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Growth Under Oath

An oath can be defined as “a solemn promise, often invoking a divine witness, regarding one's future action or behavior.” It is a “sworn declaration” that one will tell the truth, the whole truth and nothing but the truth. A person might take several oaths in their lifetime. There’s an oath you take before you get an important document notarized and an oath before you get married. Officials take an oath before they enter elected or appointed office. Witnesses take an oath in court before they provide testimony. Attorneys take an oath before they are admitted to practice law. As a lawyer who is licensed in two states, I’ve taken a few oaths in my relatively short lifetime. But, as I’ve grown and matured, I’ve come to realize that the most important oath I will ever take, the most important promise I will ever make, is a promise to myself—a pledge to tell my truth, my whole truth, and nothing but my truth, as I pursue my life’s purpose and strive to uplift my community.

This platform is part of that truth. Honest reflections on the lessons I’m learning throughout my journey as a fiery millennial, fierce advocate and free spirit, intertwined with witty social justice, racial justice and political commentary. My posts will sometimes make you laugh out loud with sarcasm and will sometimes make you cry with raw candor. They will teach you little nuggets about the legal system, while also making you question things you thought you knew or understood about a “just” society. These musings are my take on how black and brown bodies can overcome systemic oppression to not just grow from concrete, but to bloom towards the sun. It is a manifestation of my quest for self, my yearning for mercy, and my love of “us.”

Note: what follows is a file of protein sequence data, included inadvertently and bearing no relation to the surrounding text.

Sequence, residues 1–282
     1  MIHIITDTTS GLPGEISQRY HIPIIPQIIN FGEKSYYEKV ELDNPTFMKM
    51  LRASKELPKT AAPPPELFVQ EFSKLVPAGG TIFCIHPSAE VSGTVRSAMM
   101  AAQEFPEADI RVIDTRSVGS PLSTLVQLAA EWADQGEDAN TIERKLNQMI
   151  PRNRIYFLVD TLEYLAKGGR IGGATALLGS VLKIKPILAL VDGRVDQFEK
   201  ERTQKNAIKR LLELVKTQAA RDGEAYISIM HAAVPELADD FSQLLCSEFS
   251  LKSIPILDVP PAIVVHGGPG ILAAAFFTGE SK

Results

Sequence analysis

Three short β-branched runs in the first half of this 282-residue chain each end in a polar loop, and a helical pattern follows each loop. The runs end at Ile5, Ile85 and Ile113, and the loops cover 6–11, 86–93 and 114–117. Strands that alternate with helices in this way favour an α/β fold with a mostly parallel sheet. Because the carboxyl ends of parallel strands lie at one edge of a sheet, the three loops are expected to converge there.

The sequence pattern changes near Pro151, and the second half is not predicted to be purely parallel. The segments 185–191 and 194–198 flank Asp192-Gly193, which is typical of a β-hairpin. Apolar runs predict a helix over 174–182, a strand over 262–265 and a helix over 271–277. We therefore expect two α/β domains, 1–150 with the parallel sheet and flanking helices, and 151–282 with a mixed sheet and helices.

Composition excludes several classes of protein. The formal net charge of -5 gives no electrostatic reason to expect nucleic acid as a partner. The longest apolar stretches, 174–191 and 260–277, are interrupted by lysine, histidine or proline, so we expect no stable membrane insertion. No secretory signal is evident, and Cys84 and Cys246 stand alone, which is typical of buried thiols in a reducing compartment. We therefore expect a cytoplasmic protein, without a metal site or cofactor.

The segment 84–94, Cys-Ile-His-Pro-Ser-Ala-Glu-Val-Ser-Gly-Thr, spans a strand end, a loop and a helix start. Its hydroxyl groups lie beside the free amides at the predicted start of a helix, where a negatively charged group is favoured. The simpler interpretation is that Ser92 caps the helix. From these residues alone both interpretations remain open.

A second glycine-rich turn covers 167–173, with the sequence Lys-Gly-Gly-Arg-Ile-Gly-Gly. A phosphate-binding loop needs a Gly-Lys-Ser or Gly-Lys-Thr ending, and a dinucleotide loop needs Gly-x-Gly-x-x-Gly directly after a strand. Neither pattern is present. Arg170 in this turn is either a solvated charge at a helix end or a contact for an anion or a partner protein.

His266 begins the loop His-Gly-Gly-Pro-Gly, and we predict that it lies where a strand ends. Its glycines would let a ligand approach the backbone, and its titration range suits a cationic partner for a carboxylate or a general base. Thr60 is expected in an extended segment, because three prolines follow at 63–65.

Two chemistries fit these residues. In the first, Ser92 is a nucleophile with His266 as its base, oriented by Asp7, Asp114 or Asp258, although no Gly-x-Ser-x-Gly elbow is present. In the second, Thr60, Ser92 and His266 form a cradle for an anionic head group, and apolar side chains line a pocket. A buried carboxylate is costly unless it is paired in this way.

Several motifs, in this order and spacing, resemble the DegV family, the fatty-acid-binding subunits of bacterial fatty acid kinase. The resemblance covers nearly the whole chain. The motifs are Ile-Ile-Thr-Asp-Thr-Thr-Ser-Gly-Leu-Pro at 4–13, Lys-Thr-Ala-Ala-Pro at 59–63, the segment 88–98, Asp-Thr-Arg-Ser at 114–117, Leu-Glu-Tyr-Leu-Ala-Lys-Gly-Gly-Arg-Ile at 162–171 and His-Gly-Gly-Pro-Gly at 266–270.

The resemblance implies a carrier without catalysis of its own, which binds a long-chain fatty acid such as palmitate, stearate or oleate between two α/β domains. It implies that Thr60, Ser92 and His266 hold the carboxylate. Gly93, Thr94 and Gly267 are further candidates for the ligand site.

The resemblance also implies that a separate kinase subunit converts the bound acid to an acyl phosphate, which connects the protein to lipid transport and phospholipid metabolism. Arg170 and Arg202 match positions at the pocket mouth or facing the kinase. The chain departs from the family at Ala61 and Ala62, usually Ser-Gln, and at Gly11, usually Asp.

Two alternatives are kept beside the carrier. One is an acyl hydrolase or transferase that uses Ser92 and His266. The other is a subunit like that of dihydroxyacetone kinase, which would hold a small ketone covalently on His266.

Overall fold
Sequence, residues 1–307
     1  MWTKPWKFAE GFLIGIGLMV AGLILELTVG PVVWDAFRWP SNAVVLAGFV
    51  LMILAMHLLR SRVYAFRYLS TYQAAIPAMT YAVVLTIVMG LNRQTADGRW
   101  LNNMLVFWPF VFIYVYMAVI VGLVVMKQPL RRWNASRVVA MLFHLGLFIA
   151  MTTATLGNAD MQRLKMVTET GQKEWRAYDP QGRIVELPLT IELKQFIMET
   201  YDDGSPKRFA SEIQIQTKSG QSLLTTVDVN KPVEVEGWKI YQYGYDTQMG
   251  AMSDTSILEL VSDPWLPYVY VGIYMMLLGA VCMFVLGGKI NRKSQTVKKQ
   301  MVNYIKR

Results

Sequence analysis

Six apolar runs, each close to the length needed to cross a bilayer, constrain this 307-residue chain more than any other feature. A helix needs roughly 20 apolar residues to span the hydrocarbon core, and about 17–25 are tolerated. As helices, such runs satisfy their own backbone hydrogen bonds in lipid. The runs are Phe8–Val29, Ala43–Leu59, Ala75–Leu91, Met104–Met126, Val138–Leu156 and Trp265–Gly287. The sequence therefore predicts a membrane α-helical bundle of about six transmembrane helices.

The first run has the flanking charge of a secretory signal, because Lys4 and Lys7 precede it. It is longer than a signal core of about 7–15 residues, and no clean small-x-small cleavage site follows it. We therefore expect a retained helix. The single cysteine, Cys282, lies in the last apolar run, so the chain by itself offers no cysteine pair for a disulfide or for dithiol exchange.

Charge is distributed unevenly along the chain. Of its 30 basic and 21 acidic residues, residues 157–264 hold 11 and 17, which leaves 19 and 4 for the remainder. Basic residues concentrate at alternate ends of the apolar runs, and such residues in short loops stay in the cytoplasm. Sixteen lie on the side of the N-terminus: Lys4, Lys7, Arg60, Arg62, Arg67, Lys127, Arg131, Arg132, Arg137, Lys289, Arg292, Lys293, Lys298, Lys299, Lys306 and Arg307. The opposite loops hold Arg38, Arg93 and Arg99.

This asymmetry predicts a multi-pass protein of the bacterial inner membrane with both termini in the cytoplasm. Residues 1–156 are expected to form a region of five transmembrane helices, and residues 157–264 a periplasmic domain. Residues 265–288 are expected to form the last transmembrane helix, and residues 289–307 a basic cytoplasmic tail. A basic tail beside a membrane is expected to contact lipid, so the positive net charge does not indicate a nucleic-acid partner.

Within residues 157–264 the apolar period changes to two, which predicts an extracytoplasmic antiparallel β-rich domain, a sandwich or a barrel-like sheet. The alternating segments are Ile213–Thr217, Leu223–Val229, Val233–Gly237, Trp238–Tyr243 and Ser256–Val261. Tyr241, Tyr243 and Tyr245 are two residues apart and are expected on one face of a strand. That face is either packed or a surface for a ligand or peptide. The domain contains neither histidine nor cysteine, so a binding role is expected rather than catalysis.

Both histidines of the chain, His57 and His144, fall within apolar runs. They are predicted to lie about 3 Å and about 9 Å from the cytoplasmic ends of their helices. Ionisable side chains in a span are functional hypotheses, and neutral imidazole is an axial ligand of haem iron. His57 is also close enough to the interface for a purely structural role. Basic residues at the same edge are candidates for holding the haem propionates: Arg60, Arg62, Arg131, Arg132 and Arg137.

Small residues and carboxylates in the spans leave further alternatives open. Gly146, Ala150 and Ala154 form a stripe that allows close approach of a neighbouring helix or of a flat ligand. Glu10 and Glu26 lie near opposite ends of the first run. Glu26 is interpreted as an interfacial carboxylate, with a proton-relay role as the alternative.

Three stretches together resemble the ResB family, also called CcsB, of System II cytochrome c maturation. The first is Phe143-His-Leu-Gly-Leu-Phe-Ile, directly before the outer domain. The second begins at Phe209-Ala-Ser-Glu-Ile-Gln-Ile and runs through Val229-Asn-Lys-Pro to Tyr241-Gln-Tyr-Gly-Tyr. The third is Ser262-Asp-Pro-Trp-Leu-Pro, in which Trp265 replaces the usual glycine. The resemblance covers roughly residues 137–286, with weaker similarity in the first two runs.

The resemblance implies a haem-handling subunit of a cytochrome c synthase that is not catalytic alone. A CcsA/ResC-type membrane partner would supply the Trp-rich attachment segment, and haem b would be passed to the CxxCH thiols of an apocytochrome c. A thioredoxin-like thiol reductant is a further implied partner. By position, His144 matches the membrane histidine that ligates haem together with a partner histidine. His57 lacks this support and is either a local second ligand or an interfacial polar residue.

I welcome you to bear witness to my Growth Under Oath, and in doing so, embark on your own earnest growth journey as well.

About the Author

Erin Keith, Esq.

Erin is an attorney and journalist. She credits her upbringing in Detroit, Michigan for her quick wit and knack for speaking truth to power. She is a fervent believer in Black girl magic, and that Black lives and Black lawyers matter. 


Erin graduated summa cum laude from Howard University in 2013 with her B.A. in Political Science. She then attended Georgetown Law where she graduated with her J.D. in 2016 and LL.M. in 2018. 


Among her other writings, Erin published "She Could Have Been Me: A Tribute to Renisha McBride," in the Harvard Journal of African American Public Policy, and "Wronged Without Recourse: Examining Shortcomings of Compensation Statutes for Black Exonerees," in the Georgetown Journal of Law and Modern Critical Race Perspectives. She has also provided commentary via major news outlets such as NBC-TV One and CNN. 

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